Action expected against Transnet execs

Siyabonga Gama
Siyabonga Gama

Suspensions are on the cards from as early as next week for senior Transnet executives named in three reports on state capture.

City Press has learnt that, after two reports – by corporate law firm Werksmans and Mncedisi Ndlovu & Sedumedi (MNS) Attorneys – on the controversial 1 064 Transnet locomotives tender, a disciplinary committee set up by the Transnet board has named five of its senior officials for possible suspension.

Current group chief executive officer (CEO) Siyabonga Gama and Transnet Engineering chief executive Thamsanqa Jiyane, as well as former supply chain manager Lindiwe Mdletshe, Transnet Group Treasury official Danie Smit and executive finance manager Yousuf Laher will be asked to give reasons why they should not be suspended.

The impending disciplinary action is based on the MNS report, which also recommends that the entire deal – which rocketed in price to R54.5bn from R38.6bn – be cancelled.

The locomotives tender saw Gupta-linked companies score more than R5bn in kickbacks.

Sources within the Transnet board and the department of public enterprises said the executives would receive their letters this week.

“They will have to give reasons why they should not be suspended, pending disciplinary hearings into their roles in the awarding of the multibillion-rand locomotive deal,” said a source.

Transnet spokesperson Molatwane Likhethe said: “Transnet has no knowledge of the mentioned and pre-empted events.”

Jiyane’s lawyer Nicqui Galaktiou said he had “no knowledge of the allegation of Transnet’s intention to suspend him”, and that he learnt from Gama that “the board denies all knowledge of these allegations and denies that such a process is imminent or has been implemented”.

“Mr Jiyane would embrace the opportunity to have the issues ventilated in an unbiased and fair process that will be comprehensive and consider all the relevant evidence available which was overlooked in the reports with a view to putting an end to all the speculation and innuendo,” she said, adding that City Press’s sources had ulterior motives in “leaking false information”.

At the time the locomotives contracts were signed, Brian Molefe was group CEO of Transnet, Gama was the chief executive of Transnet Freight Rail (TFR) and Jiyane was TFR’s chief procurement officer.

City Press has learnt that Transnet had engaged one senior and one junior counsel, both experts in labour law, to formulate the disciplinary charges against the executives. Another senior and junior counsel, who are experts in commercial law, have been engaged to work on cancelling the locomotives deals.

Three sources told City Press that MNS Attorneys has been appointed to conduct the disciplinary hearings. However, MNS chairperson Mncedisi Ndlovu could not be reached for comment.

The MNS report also recommended that Transnet lay criminal charges against Molefe, his former chief financial officer Anoj Singh, board subcommittee chairperson Iqbal Sharma and Gupta lieutenant Salim Essa. It also recommended that Transnet pursue Molefe to repay money that Transnet lost because of the deal.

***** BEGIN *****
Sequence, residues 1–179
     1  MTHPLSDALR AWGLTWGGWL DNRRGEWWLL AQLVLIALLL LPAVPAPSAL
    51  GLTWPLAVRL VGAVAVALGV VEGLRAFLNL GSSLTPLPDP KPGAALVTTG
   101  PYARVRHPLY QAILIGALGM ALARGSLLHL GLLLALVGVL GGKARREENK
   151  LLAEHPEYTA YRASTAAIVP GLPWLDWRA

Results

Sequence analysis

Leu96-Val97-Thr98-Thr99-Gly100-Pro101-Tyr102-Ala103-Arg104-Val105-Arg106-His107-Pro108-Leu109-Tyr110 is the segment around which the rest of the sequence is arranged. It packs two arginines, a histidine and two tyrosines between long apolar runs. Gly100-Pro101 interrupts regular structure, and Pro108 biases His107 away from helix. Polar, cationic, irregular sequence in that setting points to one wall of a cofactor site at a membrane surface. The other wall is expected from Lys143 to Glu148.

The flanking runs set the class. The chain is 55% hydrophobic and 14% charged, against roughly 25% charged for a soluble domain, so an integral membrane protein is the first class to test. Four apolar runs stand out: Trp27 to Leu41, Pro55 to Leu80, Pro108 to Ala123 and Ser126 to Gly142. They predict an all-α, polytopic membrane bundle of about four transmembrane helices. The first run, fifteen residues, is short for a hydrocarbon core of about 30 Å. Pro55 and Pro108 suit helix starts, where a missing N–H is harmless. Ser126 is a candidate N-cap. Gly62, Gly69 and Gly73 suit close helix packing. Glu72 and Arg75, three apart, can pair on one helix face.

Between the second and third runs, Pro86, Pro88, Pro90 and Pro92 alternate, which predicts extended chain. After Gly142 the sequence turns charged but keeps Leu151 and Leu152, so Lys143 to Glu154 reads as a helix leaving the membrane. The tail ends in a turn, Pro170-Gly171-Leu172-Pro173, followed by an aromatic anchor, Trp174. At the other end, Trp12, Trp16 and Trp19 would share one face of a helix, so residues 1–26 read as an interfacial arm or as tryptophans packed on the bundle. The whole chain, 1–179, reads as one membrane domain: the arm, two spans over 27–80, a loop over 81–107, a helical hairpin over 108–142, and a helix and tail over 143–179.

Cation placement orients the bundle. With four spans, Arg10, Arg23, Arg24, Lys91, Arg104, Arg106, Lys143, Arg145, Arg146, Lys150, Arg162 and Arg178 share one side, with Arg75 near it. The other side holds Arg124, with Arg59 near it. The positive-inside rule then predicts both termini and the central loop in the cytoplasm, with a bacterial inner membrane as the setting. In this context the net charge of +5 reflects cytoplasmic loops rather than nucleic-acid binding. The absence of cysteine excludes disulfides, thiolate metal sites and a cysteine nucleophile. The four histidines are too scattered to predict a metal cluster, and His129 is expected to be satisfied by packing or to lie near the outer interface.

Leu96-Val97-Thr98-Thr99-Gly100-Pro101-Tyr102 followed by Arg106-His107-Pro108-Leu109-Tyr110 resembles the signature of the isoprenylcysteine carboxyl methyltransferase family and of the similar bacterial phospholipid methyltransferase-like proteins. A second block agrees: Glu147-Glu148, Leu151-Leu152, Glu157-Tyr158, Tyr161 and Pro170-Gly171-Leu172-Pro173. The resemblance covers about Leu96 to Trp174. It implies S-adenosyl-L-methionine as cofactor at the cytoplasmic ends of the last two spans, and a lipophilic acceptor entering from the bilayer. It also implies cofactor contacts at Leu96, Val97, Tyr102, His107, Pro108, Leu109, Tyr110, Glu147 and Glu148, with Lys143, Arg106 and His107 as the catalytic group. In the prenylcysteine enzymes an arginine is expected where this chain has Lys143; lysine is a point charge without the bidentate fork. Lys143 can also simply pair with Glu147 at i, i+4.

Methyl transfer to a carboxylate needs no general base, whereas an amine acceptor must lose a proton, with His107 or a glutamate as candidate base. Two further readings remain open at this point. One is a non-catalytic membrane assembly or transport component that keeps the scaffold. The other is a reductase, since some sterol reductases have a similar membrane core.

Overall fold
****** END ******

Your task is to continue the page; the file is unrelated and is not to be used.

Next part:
It further recommended that Gama be disciplined for “being part of the team ... that misrepresented the true reasons and extent of the increase of the initial contract value” to the board; for “failing to exercise reasonable care and skill”; and for “failing to properly manage his subordinates, who compromised the fairness of the procurement process”.

Jiyane, it found, should be disciplined for allegedly contravening Treasury regulations and failing to ensure that the tender process was above board.

Hawks hit a snag

Meanwhile, the Hawks’ probe into state capture has hit a snag, with investigators saying there will be no high-profile arrest until they secure more evidence from the United Arab Emirates and India.

Senior Hawks officials told City Press this week that applications for mutual legal assistance from the two countries – submitted by the National Prosecuting Authority’s Specialised Commercial Crimes Unit, as well as by the Asset Forfeiture Unit – are yet to receive evidence from the two countries.

The requests include details of bank accounts and deposits held in those countries by Gupta family members, Duduzane Zuma, former mineral resources minister Mosebenzi Zwane and other key actors.

“It might take some time as our mutual legal assistance requests are dealt with. In the absence of that, it will be difficult to make any high-profile arrests,” said a source within the investigation.

“For example, we are still struggling to establish the financial benefits to politicians, if any, in their offshore accounts.”

In the case being built against Zwane, prosecutors have been trying to establish how much was paid to him and his gospel choir during the music tour they undertook to India in October 2012.

“We are deeming the payment as a bribe, as it also came shortly after the awarding of the Estina project [from which the Guptas and their lieutenants alleged syphoned off R250m from the Free State department of agriculture] to a Gupta-linked company,” said another source.

Zwane could not be reached for comment.

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